Psychiatrist Dr. Thomas Harris once told us that we’re all OK in “I’m OK – You’re OK.” Even if you don’t agree with his overall approach, the sentiment stands: it’s just fine to be OK, in healthcare IT or anywhere. Just be a grand OK. Be an exceptional OK.


From the trenches…

“I’ll lean on you and you lean on me and we’ll be okay.” – Dave Matthews

dr gregg

Dr. Gregg Alexander, a grunt in the trenches pediatrician at Madison Pediatrics, is Chief Medical Officer for Health Nuts Media, an HIT and marketing consultant, and sits on the board of directors of the Ohio Health Information Partnership (OHIP).

DOCtalk by Dr. Gregg 2/19/14

February 18, 2014 Dr. Gregg No Comments


Every February, I pull out my handy dandy HIMSS checklist. You probably have a similar list of your own, but there might be a few things here that are worth adding to yours, in case you’ve overlooked them.


  • Tennis shoes – Remember your solemn oath: “I promise my feet that I will never again run the HIMSS triple marathon on somewhat carpeted concrete in hard sole shoes.” (And, God, please bless the women that do it in heels.)
  • Dr. McGinty’s Amazing Hangover Cure and Spot Remover
  • Deodorant (Remember that guy last year… ew… don’t wanna be him.)
  •  Ibuprofen (and plenty of it)
  • Extra cell phone battery and multiple chargers/cords (More power!)
  • Hand sanitizer (You know why.)
  •  Dr. McGillicutty’s Amazing Energy Booster and Blemish Cream
  • Business cards (Remember, lots of folks still use them despite all our digital wizardry.)
  • Lint remover brush (Nobody needs to know you have a dog.)
  • Breath mints (Remember that gal last year… ew …don’t wanna be her.)
  • Hair trimmer/scissors (Think “nose and ear hairs.”)
  • Dr. McDougal’s Amazing Anti-Flatulence and Static-Reducing Powder
  • Sunscreen (It may not be toasty, but it is Florida and you’re leaving snow-laden and gray-skied, frigid and frosty, it’s still-winter-here-in-the-“New Arctic”-Ohio.)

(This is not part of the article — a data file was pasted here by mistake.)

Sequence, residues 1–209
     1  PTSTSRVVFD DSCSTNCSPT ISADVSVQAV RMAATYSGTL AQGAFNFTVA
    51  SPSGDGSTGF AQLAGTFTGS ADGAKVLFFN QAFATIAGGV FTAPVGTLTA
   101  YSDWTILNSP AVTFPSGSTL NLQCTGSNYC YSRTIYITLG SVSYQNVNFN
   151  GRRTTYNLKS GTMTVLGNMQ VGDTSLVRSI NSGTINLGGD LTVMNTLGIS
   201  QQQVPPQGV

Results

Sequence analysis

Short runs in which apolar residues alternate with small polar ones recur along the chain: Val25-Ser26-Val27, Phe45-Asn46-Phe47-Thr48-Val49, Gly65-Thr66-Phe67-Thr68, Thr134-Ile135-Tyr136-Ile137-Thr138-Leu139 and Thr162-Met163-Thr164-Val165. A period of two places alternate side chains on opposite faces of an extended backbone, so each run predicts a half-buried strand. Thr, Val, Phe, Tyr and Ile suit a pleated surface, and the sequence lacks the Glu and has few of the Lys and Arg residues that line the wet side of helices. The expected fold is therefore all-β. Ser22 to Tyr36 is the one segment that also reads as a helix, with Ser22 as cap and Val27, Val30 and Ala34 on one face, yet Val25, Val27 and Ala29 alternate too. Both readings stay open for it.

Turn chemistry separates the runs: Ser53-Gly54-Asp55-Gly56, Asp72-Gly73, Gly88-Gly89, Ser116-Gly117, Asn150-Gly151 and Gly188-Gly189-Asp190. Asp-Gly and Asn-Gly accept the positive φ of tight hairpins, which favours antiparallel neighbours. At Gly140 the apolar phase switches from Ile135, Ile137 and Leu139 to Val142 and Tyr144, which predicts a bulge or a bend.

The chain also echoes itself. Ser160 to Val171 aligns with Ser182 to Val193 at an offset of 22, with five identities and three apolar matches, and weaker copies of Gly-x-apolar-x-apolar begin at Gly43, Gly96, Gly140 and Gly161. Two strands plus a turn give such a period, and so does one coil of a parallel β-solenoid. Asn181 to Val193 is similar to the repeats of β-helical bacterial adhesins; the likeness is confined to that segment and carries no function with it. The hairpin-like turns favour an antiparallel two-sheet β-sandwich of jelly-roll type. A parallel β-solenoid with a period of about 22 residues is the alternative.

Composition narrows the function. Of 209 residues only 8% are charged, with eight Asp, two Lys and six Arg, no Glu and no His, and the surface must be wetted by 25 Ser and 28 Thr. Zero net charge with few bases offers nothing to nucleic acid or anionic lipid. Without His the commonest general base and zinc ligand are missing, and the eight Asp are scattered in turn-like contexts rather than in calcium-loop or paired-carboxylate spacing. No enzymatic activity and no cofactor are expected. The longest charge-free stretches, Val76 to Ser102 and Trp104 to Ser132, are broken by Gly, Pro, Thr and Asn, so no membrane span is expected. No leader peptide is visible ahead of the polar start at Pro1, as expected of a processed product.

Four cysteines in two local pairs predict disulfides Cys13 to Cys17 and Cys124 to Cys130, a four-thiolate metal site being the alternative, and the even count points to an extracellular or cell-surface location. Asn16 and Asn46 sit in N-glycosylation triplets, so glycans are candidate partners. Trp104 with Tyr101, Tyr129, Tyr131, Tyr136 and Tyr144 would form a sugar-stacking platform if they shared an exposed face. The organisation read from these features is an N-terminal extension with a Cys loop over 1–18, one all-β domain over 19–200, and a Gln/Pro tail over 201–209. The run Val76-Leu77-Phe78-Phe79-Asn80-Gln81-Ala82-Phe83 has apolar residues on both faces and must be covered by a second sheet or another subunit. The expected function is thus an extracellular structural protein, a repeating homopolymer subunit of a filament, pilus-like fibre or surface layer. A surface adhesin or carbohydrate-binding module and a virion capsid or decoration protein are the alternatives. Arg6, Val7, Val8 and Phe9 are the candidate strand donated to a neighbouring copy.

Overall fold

• Preparation H (You never know and plane rides can seem like forever.)
  • Stamps (It may be old-fashioned, but it’s really fun to get a postcard. Make someone else smile and send a few… especially the funny ones, like with an alligator biting off a girl’s bikini.)
  • Your tickets (Duh.)
  • Dr. McGuinness’ Amazing Anti-Belch and Shoe Shine Liquor
  • Triple Antibiotic Cream (Remember that guy with that rash last year?)
  • NSA-approved list of safe text and email terms (No need to stir up any trouble.)
  • Personal and heavily-encrypted MiFi wireless hotspot (No need making it easier than you have to for the hackers.)
  • Noise-reducing ear buds (The kind that block noise and unwanted sales pitches.)
  • Dr. McDonagall’s Amazing Bullhockey Detector and Battery Booster
  • Humility (God knows there’s not much of that to be found at HIMSS.)

From the trenches…

"I’m not a list person.” – Joan Jett

dr gregg

Dr. Gregg Alexander, a grunt in the trenches pediatrician at Madison Pediatrics, is Chief Medical Officer for Health Nuts Media, an HIT and marketing consultant, and sits on the board of directors of the Ohio Health Information Partnership (OHIP).

DOCtalk by Dr. Gregg 2/5/14

February 4, 2014 Dr. Gregg No Comments

City Geek, Country Geek

I’m a pretty lucky guy. Every once in an azure moon, I get the pleasure of hosting someone from “The Big City” here in little Nowhere, Ohio. From big deal technology folks to EHR C-suiters to other IT and healthcare muckety mucks, I’ve had the good fortune of getting to chat with some top shelf folks here in our de-city-fied environ.

The visits are almost always fun and the conversations enlightening. Whether it’s the ambience and atmosphere of the nearby “Red Brick Tavern” (dubbed the “biker bar” by one of my more enjoyable visitors) or the local flavor of “Ronetti’s” which has perhaps the best cheeseburger, fried bologna sandwich, and “Super Sub” this side of Cholesterol County, the friendly chats and shared insights seem to flow with ease when “big” folks take time to share of themselves here in Smallville.